Wednesday, September 30, 2009
He has also made some shorter videos, adverts mainly, which I have uploaded below:
Sorry for any slight un-PC-ness
Wednesday, September 23, 2009
How about a "w" in Hamilton?
Hamilton's Graeme "Laird McGillicuddy" Cairns wants to add a letter and, potentially, controversy by calling Waikato's only city Whamilton.
Inspired by the Wanganui/Whanganui furore, Mr Cairns has a plan to rebrand the city.
Hamilton was named after British naval officer Captain John Fane Charles Hamilton, but rather than stick with its "embarrassing colonial past", Mr Cairns suggests the city take jetboat inventor William Hamilton's name.
"Let's look to the future and name our city after a zooming, high-tech modern industrialist," Mr Cairns said.
The full name would be a bit of a mouthful, he said, but reduced to its essence is Whamilton.
The beauty of saying so long to the Tron was that the new name can be pronounced four different ways. "With a silent 'h', a silent 'w', an 'f' sound or the aspirated 'w' sound "as in the word `which' when it is pronounced correctly."
Whamilton had "real impact and was a punchy kind of a name" that reflected the city's status as a premier boxing and V8 racing venue.
By flipping the "i" upside down another option was WHAM!lton. "It's got plenty of biff, bam and wallop that way."
The "team-effort" brain wave has been sent to Hamilton City Council's marketing department.HAHAHAHAHA
Wednesday, September 16, 2009
Sunday, September 13, 2009
Thursday, September 10, 2009
• The Guarantee means that when someone sells you something they automatically agree to the following terms and conditions:
• Manufacturers have to make sure that goods do what they are made to do, and that they have replacement parts available. The manufacturer also has to honour any warranties that people give them.
• Retailers will make sure that their goods match the display model and the description given in the advertisements. Also, the product must belong to the consumer once paid for, and it must be sold for a reasonable price.
• Providers of a service guarantee that their service will be performed with reasonable care and skill, will fit for the particular purpose they were supplied for and will be completed within a reasonable time for a reasonable price.
Ministry of Consumer Affairs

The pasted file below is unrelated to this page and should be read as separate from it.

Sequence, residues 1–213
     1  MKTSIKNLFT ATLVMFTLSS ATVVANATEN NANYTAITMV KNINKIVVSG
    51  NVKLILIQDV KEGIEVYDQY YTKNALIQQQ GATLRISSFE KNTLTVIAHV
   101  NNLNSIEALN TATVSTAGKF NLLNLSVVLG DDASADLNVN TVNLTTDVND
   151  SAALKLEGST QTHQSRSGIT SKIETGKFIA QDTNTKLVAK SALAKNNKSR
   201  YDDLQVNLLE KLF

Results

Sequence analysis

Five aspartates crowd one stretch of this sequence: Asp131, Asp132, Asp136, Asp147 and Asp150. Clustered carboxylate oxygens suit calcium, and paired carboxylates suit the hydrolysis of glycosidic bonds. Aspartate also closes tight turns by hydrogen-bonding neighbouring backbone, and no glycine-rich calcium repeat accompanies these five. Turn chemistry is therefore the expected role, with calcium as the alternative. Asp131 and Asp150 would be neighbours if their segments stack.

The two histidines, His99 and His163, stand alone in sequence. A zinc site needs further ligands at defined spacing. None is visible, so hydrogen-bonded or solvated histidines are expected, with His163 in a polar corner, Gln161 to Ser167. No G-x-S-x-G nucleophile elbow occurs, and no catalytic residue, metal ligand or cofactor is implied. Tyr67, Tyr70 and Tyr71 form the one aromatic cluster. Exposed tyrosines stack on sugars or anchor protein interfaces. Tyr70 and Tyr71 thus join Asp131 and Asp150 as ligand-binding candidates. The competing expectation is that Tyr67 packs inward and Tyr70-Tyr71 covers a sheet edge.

• You are covered if you are buying everyday products such as clothes, washing machines, cars, etc… or services of a type that people ordinarily have carried out for a personal or household purpose, such as car repairs, haircuts, dry cleaning, painting or work done by a lawyer. From 8 July 2003, the Consumer Guarantees Act applies to electricity, gas, water and computer software. From this date, the Consumer Guarantees Act also applies to services relating to the supply of electricity, telecommunications, gas, water, and the removal of wastewater.
• You are not covered by the Act if you buy the product from a private seller or from an auction/tender. It also doesn’t cover commercial goods, e.g. goods or services of a type that are ordinarily bought for use in offices, factories or farms (although these may be covered by the Sale of Goods Act).
• There are remedies that traders must provide if a guarantee is broken. There is a range of remedies dependent on such issues as which guarantee was broken, how serious the problem is and whether you want a remedy for faulty goods against the manufacturer or retailer.
Advertising Standards Authority
• The ASA sets the rules and guidelines for what you can and can’t put in a advertisement directed at children, food (well not at food but about food, you get my point), etc…
• The purpose of the Advertising Standards Authority is to “self-regulate advertising in New Zealand”.
This term we are learning about entrepreneurs, innovators, and inventors. We have to design and create a product to sell at a trade fair between our classes in week 10. Sprint Gas Racing and I have been developing a set of tutorials that we are going to sell to people who need ICT assistance.
Now for some definitions. Dictionary.com says:
|1.||a person who organizes and manages any enterprise, esp. a business, usually with considerable initiative and risk.|
|2.||an employer of productive labor; contractor.|
|3.||to deal with or initiate as an entrepreneur.|
|4.||to act as an entrepreneur.|
|1.||to introduce something new; make changes in anything established.|
|2.||to introduce (something new) for or as if for the first time: to innovate a computer operating system.|
|3.||Archaic. to alter.|
|a person who invents, esp. one who devises some new process, appliance, machine, or article; one who makes inventions.|